Image Processing in wanderer
Update on January 18: I ended up discarding sharp and all the other tooling to use GraphicsMagick and PNGQuant, as that gave me much faster image processing than the sharp stack.
It doesn’t look like there are many (any?) node.JS modules that do image processing that also don’t have any dependencies.
Things I’ve looked at so far:
Unfortunately, they appear to have a lot of dependencies:
What would I need in an image processing package?
There are several concerns with web images:
- image size - I frequently draw on an iPad, where all images are around 3000 pixels in dimensions. I’ll want to reduce down to around 1200
- compression - large filesizes in images destroy load times
- removing exif data - I’m always troubled by how much metadata ends up in each image nowadays (including things like camera model and location).
- progressively loading images
- non-image media (for now)
No Progressive Images?
What should we do?
In wanderer, when an image file is added to content, the result that gets put in build should go through the processor. This lets us keep the full-res image in content, without it showing up online.
Left unsolved is whether we’d want to change image file extension (like, say, for favicon), or what happens if we want to add a thumbnail or the fullsize version.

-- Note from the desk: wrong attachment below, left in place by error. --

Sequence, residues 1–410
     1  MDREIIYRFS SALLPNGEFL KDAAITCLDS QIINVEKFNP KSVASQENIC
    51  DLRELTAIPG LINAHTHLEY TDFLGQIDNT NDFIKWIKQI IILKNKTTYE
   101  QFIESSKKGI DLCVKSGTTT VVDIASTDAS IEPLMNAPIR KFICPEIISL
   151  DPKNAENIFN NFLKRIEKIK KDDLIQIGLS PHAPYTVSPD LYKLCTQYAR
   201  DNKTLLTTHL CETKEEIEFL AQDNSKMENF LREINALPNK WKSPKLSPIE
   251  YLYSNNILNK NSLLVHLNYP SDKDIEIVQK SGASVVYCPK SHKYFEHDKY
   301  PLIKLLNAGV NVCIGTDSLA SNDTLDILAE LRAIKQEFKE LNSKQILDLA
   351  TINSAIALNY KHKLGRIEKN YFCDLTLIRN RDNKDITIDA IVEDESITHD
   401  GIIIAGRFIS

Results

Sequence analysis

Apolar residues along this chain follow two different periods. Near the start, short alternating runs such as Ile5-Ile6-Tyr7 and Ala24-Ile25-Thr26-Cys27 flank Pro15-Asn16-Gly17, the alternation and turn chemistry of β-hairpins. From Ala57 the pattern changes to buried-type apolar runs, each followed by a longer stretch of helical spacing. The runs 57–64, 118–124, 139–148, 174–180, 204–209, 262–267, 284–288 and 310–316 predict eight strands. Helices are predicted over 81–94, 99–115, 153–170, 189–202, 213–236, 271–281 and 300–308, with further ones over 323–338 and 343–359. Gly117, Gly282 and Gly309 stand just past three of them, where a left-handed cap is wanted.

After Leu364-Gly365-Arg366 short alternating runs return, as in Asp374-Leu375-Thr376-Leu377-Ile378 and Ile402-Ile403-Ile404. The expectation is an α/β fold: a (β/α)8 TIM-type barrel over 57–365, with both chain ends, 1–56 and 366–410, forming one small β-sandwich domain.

Maybe have a special meta file that can be associated with images that has that information?
There’s no two ways about it - unless I’m willing to spin up a web browser and have canvas handle image manipulation, I’ll want to use a dependency. I’m not yet at the point where I’m willing to write my own image manipulation library (and probably not in JS).
sharp, for speed purposes. It doesn’t support exif stripping, so I’ll also use exiftool for stripping out exif metadata.
In wanderer, the image processing is implemented in
tools/image-processing, and should be accessible in the github.
PNGs take two steps to be processed: first resized and compressed in sharp, then converted to lossy version via
pngquant. Using a node module for this can work, but takes up another 200 or so dependencies, so for now I assume that the computer has it installed.
I spent entirely too much time working on this, mostly because pngquant was failing to write the output images.
It turns out that the problem was creating a writeStream for the target file path, which prevented any other piece of the program from writing to that target file path:
const outputStream = fs.createWriteStream(targetFilePath)
fs.writeFileSync(targetFilePath) // this will fail!
There does exist https://www.npmjs.com/package/pngquant-bin which can be used to run pngquant without having it installed globally - that may be something I look into in the future if it turns out that enforcing externally installed pngquant is too much a hassle.